Best way to clock MCU for precision timing application

cancel
Showing results for 
Show  only  | Search instead for 
Did you mean: 

Best way to clock MCU for precision timing application

Jump to solution
1,804 Views
Smiffytech
Contributor III

I am working on a number of clock designs (as in things that tell the time,) all of which will be based around and MC9S08AC128. The timing source will be a DS32KHZ 32768 Hz TCXO.

 

Whilst I can clock the MCU from the DS32KHZ, feeding into EXTAL, and then deriving internal clocks from the FLL (or so I understand,) for the purposes of doing something every second (32,768 'ticks' of the oscillator,) is it best to do this, or use some other clock source for the device (such as internal) and just have the DS32KHZ driving an external interrupt? I assume there must be some sort of best practice in this type of scenario.

 

My goal is for the devices to keep good time - I'm not fussed about whether displays might refresh a few milliseconds early or late - as human eyes will never notice. (But they will notice how far the things drift from atomic time, over time.)

 

In case it has any bearing on the matter, firmware will be created using CodeWarrior, making as much use of Processor Expert as possible.

Labels (1)
0 Kudos
1 Solution
1,399 Views
Encoder1
Contributor III

FLL internal clock is reasonable precise for low-critical timing application. I use it in many control loop where 1% precision is ok, i.e. most of all, driven by the internal oscillator.

FLL multiplication is quite precise but I would not depend on it: perhaps may be better than 0.1% but it is affected from some jitter. I do not know how precise is in absolute the average multiplication, if it keeps track of the pulses in excess or under-rate.

I would implement a bus-clock driven basic timer, adjusting it by an external interrupt driven input from your VCO. 1s or 2s pace is ok: an externally clock driven timer used as divisor to divide VCO by 32768 or 65536 to generate this interrupt could be the best solution.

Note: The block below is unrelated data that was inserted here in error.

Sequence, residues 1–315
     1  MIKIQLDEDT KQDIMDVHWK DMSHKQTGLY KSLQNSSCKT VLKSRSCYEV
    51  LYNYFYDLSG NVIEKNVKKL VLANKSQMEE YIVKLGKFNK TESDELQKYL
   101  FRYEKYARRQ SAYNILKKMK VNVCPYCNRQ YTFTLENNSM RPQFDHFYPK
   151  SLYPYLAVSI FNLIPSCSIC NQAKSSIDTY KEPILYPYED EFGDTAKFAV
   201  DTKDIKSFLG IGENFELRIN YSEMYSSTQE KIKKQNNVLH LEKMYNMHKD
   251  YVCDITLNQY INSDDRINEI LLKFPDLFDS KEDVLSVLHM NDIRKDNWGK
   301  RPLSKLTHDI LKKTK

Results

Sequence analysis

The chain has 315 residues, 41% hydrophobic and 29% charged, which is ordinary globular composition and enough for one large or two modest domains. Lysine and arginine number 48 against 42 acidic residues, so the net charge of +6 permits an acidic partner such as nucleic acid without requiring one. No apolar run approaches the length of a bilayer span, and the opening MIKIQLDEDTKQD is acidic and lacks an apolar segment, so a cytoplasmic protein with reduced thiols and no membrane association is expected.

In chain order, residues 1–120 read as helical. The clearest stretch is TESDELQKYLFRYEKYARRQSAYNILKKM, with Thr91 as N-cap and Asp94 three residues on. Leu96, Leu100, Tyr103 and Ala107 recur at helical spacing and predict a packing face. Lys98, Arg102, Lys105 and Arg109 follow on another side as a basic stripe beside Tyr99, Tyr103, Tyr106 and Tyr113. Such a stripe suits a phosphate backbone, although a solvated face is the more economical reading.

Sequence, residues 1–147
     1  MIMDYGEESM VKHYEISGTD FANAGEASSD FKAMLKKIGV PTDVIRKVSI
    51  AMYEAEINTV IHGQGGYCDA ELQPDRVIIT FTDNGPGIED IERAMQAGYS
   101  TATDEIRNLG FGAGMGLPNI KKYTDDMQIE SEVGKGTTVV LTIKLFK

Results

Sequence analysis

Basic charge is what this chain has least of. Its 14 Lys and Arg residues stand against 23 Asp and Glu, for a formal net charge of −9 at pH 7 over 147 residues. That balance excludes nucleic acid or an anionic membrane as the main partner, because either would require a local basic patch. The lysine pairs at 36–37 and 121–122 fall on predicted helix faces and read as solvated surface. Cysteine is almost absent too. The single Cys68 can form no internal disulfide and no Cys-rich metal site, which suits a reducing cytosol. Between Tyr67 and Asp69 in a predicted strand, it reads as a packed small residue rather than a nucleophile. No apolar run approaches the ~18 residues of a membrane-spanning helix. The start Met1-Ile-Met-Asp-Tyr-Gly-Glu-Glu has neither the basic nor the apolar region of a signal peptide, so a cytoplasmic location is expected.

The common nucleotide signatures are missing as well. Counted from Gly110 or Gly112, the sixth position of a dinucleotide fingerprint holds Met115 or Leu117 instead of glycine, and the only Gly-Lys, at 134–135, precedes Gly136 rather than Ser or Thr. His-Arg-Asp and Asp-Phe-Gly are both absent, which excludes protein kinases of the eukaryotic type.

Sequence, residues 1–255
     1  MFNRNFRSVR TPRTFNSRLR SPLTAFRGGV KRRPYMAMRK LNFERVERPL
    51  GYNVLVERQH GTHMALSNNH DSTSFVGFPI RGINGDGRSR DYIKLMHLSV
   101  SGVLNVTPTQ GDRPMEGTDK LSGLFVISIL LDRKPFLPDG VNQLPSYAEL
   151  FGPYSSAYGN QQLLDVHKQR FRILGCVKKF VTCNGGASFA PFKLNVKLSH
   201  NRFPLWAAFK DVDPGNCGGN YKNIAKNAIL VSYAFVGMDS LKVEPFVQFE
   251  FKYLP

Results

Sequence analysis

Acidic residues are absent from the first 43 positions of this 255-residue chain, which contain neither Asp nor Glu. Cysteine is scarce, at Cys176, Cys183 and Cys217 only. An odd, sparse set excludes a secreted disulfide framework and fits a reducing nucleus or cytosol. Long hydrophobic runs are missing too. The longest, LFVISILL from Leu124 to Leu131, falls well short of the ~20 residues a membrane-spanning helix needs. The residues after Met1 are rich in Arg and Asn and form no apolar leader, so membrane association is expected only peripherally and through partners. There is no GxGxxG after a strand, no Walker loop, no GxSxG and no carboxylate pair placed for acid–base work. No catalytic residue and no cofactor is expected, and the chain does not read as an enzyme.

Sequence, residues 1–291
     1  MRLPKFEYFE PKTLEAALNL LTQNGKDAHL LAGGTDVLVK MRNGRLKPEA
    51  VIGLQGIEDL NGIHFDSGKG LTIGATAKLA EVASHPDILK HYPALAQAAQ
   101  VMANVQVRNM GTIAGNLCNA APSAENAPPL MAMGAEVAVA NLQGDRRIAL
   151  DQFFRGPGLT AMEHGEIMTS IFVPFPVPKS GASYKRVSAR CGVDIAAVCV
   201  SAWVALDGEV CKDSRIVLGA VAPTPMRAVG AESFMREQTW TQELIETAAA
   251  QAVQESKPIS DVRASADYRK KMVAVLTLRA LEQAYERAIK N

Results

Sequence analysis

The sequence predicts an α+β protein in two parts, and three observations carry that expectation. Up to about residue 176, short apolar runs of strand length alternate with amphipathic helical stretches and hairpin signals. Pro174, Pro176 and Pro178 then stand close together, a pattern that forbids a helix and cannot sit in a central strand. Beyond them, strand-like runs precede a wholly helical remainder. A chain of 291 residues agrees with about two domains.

Salvatore

View solution in original post

0 Kudos
4 Replies
1,399 Views
bigmac
Specialist III

Hello Mathew,

Using the resources that reside in the 'AC128, another method would be to use FEE mode for the ICG module, and then utilize the RTC, driven by the ICGERCLK signal, to generate a periodic interrupt, or wakeup from stop mode, at precise one second intervals.  Assuming a BDIV factor of 1, the ICG can be configured to generate a bus frequency within the range 4.194304 MHz to 18.874368 MHz, in steps of 1.048576 MHz.

Regards,

Mac

1,399 Views
Smiffytech
Contributor III

Thanks, Mac - that gives me another option.

I'm trying to figure out a standard-ish clock module that can work with a number of display technologies (Nixie, VFD, etc,) and also work with different battery-backed RTCs, the latter to give cost options. (The DS3234 isn't exactly a budget part.) Some of the RTCs have a seconds option, but others only a 32kHZ output, so having different configuration options for the MCU gives me a bit of flexibility there.

Cheers

M

0 Kudos
1,400 Views
Encoder1
Contributor III

FLL internal clock is reasonable precise for low-critical timing application. I use it in many control loop where 1% precision is ok, i.e. most of all, driven by the internal oscillator.

FLL multiplication is quite precise but I would not depend on it: perhaps may be better than 0.1% but it is affected from some jitter. I do not know how precise is in absolute the average multiplication, if it keeps track of the pulses in excess or under-rate.

I would implement a bus-clock driven basic timer, adjusting it by an external interrupt driven input from your VCO. 1s or 2s pace is ok: an externally clock driven timer used as divisor to divide VCO by 32768 or 65536 to generate this interrupt could be the best solution.

Salvatore

0 Kudos
1,399 Views
Smiffytech
Contributor III

Thanks, Salvatore.

I guess that, from a time-keeping point of view, it's maintaining an accurate count that's important as displaying it would hardly be considered as real-time, considering the requirements of human vision.

Looking at various RTC chips, some have 32768Hz outputs - which I can use with your externally clocked timer method - and others (I'm thinking of using the DS3234, which has it's own on-board TCXO) can be made to 'tick' once a second, which I could use to fire the latch of the shift registers that are actually driving the display parts.

It's all clear in my head now, so thanks again for your input!

0 Kudos